Neuromuscular electrical stimulation is a technology that uses 20-50hz low-frequency current to stimulate specific muscle groups through electrodes to make them twitch or contract, and then achieve “functional” repair. It is often used for strength training of disused muscles caused by long-term inactivity, surgery or injury, so as to maintain muscle quality, maintain and increase joint mobility, promote autonomous muscle control, and reduce spasm. On the other hand, it can inhibit disuse muscle atrophy caused by some non neuropathy. In recent years, commercial neuromuscular stimulators have been developed. Household stimulators can not only facilitate the use of patients, but also improve the independent operation of patients.
Deep brain stimulation, also known as brain pacemaker, is a surgical treatment for Parkinson’s disease. Deep brain electrical stimulation is a brain stereotactic technology. Electrodes are implanted in specific nerve nuclei and nerve tissues in the deep brain to send out pulse signals of a certain frequency, so as to change the excitability of the corresponding nerve nuclei and improve the related motor symptoms of Parkinson’s patients. This treatment can reduce the use of dopaminergic drugs, reduce the side effects of drugs, and effectively improve the motor symptoms of Parkinson’s patients.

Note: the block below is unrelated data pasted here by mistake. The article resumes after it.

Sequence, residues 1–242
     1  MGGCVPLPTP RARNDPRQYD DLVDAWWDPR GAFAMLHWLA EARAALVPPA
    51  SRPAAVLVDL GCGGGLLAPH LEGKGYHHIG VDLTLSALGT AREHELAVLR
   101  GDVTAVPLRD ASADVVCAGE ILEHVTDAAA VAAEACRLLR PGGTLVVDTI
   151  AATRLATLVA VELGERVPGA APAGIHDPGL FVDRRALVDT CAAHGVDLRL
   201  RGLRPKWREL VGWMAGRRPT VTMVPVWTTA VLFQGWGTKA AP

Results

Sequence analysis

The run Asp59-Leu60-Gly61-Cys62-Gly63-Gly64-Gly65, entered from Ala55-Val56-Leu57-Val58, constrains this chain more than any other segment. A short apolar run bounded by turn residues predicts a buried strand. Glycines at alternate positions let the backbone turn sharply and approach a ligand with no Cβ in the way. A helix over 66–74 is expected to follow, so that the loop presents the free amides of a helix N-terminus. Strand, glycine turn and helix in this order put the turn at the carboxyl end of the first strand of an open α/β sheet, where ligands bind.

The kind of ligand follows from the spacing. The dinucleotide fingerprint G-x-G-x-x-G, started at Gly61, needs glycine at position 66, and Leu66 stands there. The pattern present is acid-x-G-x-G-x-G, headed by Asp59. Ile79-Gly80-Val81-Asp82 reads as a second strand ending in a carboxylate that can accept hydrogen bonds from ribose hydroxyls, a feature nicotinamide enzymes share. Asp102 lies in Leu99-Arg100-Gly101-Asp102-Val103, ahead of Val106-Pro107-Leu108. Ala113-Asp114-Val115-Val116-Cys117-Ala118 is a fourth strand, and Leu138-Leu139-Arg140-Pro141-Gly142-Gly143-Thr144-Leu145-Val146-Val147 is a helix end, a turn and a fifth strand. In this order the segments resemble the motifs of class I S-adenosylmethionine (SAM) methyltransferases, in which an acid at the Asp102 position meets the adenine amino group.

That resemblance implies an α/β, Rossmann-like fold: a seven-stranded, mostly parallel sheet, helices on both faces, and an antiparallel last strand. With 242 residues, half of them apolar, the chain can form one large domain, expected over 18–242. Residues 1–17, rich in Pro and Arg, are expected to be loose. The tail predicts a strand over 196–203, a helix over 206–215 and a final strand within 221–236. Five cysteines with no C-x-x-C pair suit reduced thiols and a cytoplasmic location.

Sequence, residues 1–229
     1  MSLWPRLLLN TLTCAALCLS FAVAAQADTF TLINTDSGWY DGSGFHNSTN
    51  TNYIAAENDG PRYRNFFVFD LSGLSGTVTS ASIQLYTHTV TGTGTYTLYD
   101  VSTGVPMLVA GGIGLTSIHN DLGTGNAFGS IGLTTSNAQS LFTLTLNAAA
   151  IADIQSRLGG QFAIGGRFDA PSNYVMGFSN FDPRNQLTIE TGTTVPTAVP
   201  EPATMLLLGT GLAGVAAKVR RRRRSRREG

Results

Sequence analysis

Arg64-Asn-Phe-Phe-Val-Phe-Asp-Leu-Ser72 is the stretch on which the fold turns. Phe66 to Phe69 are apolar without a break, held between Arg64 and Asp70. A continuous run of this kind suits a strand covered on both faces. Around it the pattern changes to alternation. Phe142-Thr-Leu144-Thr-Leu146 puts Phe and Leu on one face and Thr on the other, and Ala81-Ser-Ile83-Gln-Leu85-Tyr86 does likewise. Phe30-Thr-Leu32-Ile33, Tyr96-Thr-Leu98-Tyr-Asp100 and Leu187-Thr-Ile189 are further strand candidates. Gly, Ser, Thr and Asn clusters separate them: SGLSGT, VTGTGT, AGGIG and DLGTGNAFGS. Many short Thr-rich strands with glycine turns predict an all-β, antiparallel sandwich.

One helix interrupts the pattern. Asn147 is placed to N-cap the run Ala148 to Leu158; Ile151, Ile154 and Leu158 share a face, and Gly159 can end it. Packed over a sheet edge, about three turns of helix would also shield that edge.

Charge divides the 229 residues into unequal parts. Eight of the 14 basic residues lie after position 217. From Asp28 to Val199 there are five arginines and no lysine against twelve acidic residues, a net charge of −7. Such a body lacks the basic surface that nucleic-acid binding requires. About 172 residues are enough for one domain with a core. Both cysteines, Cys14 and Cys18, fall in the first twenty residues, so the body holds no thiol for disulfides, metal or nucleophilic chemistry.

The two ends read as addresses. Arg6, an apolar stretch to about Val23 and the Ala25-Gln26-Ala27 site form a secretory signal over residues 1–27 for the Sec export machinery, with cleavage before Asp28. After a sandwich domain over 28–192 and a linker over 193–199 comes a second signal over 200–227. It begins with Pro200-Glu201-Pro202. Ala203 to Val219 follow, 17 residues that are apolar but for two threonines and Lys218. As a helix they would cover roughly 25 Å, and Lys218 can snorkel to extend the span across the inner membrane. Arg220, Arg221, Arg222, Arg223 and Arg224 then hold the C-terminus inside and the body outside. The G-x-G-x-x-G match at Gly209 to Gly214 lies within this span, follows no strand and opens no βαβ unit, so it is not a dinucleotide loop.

Chronic cerebellar electrical stimulation, that is, chronic cerebellar electrical stimulation, can significantly inhibit the neural activities of the brain, brainstem or spinal cord by stimulating the cerebellum. It is mainly used to treat some intractable epilepsy. Complications of chronic cerebellar electrical stimulation include intracranial hematoma, cerebrospinal fluid leakage, local wound infection, and headache. Therefore, for chronic cerebellar electrical stimulation surgery, we must pay attention to the installation position of the electrode, closely suture the dura, and strictly seal the lead.